The past year and a half have really put our time management skills to the test. Trying to micromanage working from home, taking care of kids, AND taking care of ourselves at the same time is proving to be absolutely as difficult as one would imagine.

However, I have found a few tricks that help me juggle my schedule and (mostly) keep from losing my mind trying to run my freelance copywriting business, and take care of my toddler (omghe’satoddleralreadyIcan’tevenhandleit) full time. Take a look below in case you might find them helpful.

laptop and alarm clock on white desk.

Number 1: Prepare the night before

One of the most important actionable measures I take to improve time management is preparing the night before. I do my best to get things done like cleaning up the house (you don’t need to tidy your house if you don’t want to, I just think and feel better that way).

Now that Jake’s(my toddler) older, I don’t have to worry about prepping bottles and such ahead of time, so that’s definitely a big help, but I always make sure to eliminate as many distractions the night before.

Number 2: I focus on tasks, not time

A massively important mindset shift I made was laying out my tasks and focusing on the action, not the time invested. This is especially true for freelancers/solopreneurs. It’s so important to write down what needs to be done because it becomes too overwhelming to lock up inside your head.

And, quite frankly… when you lay out the GENUINELY important tasks (I select only 3 MAJOR tasks to focus on a day), it usually isn’t nearly as insurmountable as you think. Most of us only have about 3-4 hours of “deep work” time before our brain’s are all like “Look, squirrel!”

If we learn how to recognize our good brain time, and find ways to protect it, we can get a LOT done in those handful of hours.

And never forget: 8-hour workdays were a product of capitalism, not productivity

Number 3: Count on digital calendars and productivity apps

I’ve accepted that I can be a scatterbrain, so I never keep any “to-dos” in my head. I make sure all projects/meetings/etc are immediately laid out in writing. I put them in my favorite productivity app, Notion, and also add deadlines and the like to my Google Calendar. 

stylish office supplies arranged on table
Photo by Olya Kobruseva on Pexels.com

Knowing I have everything scheduled, and thus won’t forget anything, ELIMINATES hours of wasted brain time stressing out, and prevents me from making errors.

Number 4: I work in time chunks

As a full-time mom, being able to sit down and complete all of my work in one long-stretch just isn’t possible at this point. My toddler is incredibly patient with me, but when he needs my full attention, he lets me know and I switch gears.

This used to be VERY stressful for me, but I’ve learned how to combat this by working in chunks.

I usually get up 1.5 hours before my son wakes up to tackle my first chunk of “light-brain” work (AKA: tasks that don’t require a lot of brainpower like answering emails, planning out my day, journaling).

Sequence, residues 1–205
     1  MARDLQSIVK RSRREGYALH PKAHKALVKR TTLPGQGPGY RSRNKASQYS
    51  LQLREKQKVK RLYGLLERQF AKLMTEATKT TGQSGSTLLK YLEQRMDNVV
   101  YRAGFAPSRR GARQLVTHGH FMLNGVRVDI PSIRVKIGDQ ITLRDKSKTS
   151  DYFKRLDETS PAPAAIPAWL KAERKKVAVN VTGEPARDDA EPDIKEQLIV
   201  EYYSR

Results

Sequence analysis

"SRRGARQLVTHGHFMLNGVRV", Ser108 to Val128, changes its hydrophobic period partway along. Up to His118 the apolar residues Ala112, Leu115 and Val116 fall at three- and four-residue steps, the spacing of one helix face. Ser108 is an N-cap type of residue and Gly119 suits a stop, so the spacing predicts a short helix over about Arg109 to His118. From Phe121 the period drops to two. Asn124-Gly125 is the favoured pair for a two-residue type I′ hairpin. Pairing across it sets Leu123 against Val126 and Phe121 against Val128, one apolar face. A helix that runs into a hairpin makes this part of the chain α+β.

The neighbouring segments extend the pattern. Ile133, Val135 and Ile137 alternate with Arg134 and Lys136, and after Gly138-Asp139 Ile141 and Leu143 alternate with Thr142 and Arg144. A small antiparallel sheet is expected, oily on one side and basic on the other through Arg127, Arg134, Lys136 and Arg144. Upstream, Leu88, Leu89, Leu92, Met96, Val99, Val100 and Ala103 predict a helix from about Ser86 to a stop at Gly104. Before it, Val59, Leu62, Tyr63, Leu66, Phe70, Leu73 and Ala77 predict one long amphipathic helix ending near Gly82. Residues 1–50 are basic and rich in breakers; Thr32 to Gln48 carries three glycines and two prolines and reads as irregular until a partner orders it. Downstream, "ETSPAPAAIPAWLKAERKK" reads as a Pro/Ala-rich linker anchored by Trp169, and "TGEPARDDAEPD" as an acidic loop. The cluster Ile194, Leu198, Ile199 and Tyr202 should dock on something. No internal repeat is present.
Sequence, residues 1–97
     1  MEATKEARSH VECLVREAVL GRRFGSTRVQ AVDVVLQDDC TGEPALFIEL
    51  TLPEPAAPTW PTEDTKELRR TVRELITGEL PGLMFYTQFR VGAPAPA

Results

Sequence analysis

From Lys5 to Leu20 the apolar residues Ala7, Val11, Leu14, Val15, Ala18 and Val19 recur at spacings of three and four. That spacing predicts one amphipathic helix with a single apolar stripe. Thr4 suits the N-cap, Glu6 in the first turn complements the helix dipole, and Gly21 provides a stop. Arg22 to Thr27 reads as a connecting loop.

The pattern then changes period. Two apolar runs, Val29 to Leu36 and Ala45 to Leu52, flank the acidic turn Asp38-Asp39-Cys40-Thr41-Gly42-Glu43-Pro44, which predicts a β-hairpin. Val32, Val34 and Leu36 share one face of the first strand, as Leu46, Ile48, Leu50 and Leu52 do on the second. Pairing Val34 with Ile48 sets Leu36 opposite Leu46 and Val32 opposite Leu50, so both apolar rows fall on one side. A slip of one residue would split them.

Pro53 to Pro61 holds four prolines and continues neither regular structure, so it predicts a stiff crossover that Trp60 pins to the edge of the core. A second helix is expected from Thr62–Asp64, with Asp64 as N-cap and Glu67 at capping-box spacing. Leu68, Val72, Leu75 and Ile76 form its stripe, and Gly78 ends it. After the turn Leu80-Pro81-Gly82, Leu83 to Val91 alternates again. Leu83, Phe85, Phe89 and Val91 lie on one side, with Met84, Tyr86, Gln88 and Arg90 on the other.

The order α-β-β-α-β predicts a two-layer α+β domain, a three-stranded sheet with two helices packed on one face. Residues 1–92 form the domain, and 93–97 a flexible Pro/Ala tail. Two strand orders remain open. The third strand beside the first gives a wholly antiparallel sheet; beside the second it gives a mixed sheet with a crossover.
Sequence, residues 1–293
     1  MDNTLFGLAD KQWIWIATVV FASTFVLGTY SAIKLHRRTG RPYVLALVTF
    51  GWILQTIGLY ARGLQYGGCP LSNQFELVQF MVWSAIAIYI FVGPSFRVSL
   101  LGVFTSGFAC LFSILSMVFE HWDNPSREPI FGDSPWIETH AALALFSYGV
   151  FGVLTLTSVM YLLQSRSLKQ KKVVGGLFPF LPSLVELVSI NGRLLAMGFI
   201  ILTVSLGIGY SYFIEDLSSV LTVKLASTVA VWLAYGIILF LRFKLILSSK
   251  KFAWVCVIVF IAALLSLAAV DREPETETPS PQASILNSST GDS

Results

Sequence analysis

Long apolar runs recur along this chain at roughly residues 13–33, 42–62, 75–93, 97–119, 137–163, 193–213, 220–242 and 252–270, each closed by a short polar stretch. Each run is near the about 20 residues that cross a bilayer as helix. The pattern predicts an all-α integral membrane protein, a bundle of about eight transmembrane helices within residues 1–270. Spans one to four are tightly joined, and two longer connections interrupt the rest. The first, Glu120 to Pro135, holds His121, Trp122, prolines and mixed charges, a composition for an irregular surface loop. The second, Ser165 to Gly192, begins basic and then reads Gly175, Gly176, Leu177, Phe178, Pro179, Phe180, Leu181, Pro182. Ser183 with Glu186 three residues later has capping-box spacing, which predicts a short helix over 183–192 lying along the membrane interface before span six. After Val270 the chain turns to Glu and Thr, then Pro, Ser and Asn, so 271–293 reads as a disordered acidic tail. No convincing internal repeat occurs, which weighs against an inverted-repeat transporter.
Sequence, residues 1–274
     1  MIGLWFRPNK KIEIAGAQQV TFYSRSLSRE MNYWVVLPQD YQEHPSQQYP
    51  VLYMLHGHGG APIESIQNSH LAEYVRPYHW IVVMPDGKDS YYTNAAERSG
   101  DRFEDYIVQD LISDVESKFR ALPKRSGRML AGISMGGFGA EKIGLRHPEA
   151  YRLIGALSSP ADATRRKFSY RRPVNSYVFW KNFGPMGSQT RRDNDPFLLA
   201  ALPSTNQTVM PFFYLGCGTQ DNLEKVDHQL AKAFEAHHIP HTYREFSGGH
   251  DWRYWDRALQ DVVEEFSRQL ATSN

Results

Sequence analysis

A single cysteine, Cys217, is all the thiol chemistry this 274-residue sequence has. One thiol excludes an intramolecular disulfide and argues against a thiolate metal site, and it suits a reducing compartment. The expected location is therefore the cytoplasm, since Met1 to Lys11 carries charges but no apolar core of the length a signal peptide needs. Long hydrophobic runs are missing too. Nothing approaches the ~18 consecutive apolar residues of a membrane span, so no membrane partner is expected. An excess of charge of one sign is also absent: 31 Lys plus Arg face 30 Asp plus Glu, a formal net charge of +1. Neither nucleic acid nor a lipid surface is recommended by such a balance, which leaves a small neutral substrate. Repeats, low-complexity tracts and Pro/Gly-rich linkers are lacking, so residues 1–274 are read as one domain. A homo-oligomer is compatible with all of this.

Then I get him up, let him play, eat breakfast, hang out a bit. This usually takes around an hour or so, and then he’ll usually play and watch Puppy Dog Pals while I cram in another 1-2 hours of work.

Then I break again to take him on a walk, eat lunch, and lay him down for a nap. His naptime is REALLY critical time for me, as that’s when most of my “deep work” takes place. So I invest the time to set him up for success. 

Does it always work out? No, of course not… but most of the time it does.

During his nap (which can stretch anywhere from 1.5-3 hours), I try to finish up the rest of my work for the day. I find that I’m usually done by around 3PM.

If, for any reason, I’m unable to finish up straggling work for the day, we have our family time until it’s Jake’s bedtime, and then I’ll pop back on the computer and finish up. Again, I focus on task completion, not time… so my actual working hours (excluding parenting and domestic work) range anywhere from 4-6 hours a day.

Number 5: Accept Reality

While this trick isn’t so much about time-management, I wouldn’t be able to implement the other 4 strategies without this one. I just have to accept our new reality. I accept that things will not always go the way I planned. I accept that I may not get all of my tasks done that I set out to do that day.

Even though my perfectionist tendencies cringe at the thought of not “maxing out on accomplishments” (and I’m not trying to humblebrag, it’s a genuinely toxic trait that weakens me as an individual and I’m trying to overcome it)… it’s critical that I just take a deep breath and, well… get over it.

In the scheme of things, I try to remember what matters most is time with Jake, and making sure he’s well-adjusted, happy, and prepared for a very different world than what most of us grew up in.

Hopefully, it’ll be a better one, but I’ll make sure he’s contributing positively no matter what.

You are genuinely doing amazing… even if it doesn’t always feel like it

While I have no doubt more parents will be adopting a form of permanent work-from-home situation, it isn’t easy, and you’re not alone if you feel overwhelmed or frustrated.

Whether you’re working 9-5 or running your own freelance business (REGARDLESS of what stage you’re in)…

Whether you have children, or don’t have children…

This shit is fucking HARD.
Stop and celebrate how well your doing today, and remember that time is a societal construct and the number of emails we reply to won’t mean jack-shit at the end lol.

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